(1) A reduction in the number of the microbes invading the bladder from the outside by using a urethral catheter which gradually releases an antimicrobial agent;
(2) Prevention in the storage of residual urine and the increase of microbes which otherwise lead to cystitis by using periodic compelled irrigation or rinse treatment (repeated every 5 hours, preferably within every 3 hours);
(3) Avoidance of an outbreak of cystitis produced by indwelling catheters which do not conform to the bladder wall, commonly called "Foley tip necrosis" a syndrome which usually occurs from pressing the contracted bladder wall with the pointed end of the catheter;
(4) Prevention of atrophy of the bladder wall muscle which is observed in a contracted bladder and an increase in resistance against infections, such is observed in a normal bladder; and
(5) A reduction in the risk of invasion of microbes through the catheter tube from outside by using a process of repletion of the bladder without a reduced pressure in contrast to the conventional continuous drainage method.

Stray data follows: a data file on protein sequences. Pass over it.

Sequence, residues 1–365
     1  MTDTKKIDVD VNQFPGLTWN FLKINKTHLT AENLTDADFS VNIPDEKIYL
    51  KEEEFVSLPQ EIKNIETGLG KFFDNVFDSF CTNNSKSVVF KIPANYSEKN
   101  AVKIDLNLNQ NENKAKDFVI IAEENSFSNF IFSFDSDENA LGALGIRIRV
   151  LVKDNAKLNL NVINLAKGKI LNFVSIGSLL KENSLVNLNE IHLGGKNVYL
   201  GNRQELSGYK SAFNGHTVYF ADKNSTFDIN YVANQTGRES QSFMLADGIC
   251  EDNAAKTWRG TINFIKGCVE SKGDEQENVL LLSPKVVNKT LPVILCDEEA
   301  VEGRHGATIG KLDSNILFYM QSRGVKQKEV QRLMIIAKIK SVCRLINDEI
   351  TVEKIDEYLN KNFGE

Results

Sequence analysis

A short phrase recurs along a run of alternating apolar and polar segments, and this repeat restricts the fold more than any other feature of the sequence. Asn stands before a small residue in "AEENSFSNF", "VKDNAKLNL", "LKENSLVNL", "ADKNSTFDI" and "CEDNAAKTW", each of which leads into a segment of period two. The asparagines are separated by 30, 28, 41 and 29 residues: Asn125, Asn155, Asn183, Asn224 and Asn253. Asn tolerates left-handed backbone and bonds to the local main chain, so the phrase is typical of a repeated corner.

The device of the present invention is effective on a patient suffering from a spinal cord injury, encephalorrhagia, encephalomalacia, or drainage trouble or urine incontinence of a patent after an operation or a bedridden old man. In the case of a patent suffering from a neurogenic bladder as a result of a spinal injury, the period for indwelling of the catheter took for one to 2 months in the conventional continuous drainage method, but in the present invention the period of indwelling of the catheter is shortened to about 2 weeks without urethral infection. In the present invention the training of the bladder can begin during the acute period to the subacute period, which has a significant effect on rehabilitation. When the device of the present invention was used for a bedridden old man, diseases such as cystitis or fever were not developed even after 2 months and the bedridden old man did not suffer from unpleasant conditions such as diaper rash.
|Cited Patent||Filing date||Publication date||Applicant||Title|
|US2602448 *||Aug 4, 1950||Jul 8, 1952||Mckenna William F||Tidal drainage and irrigating unit|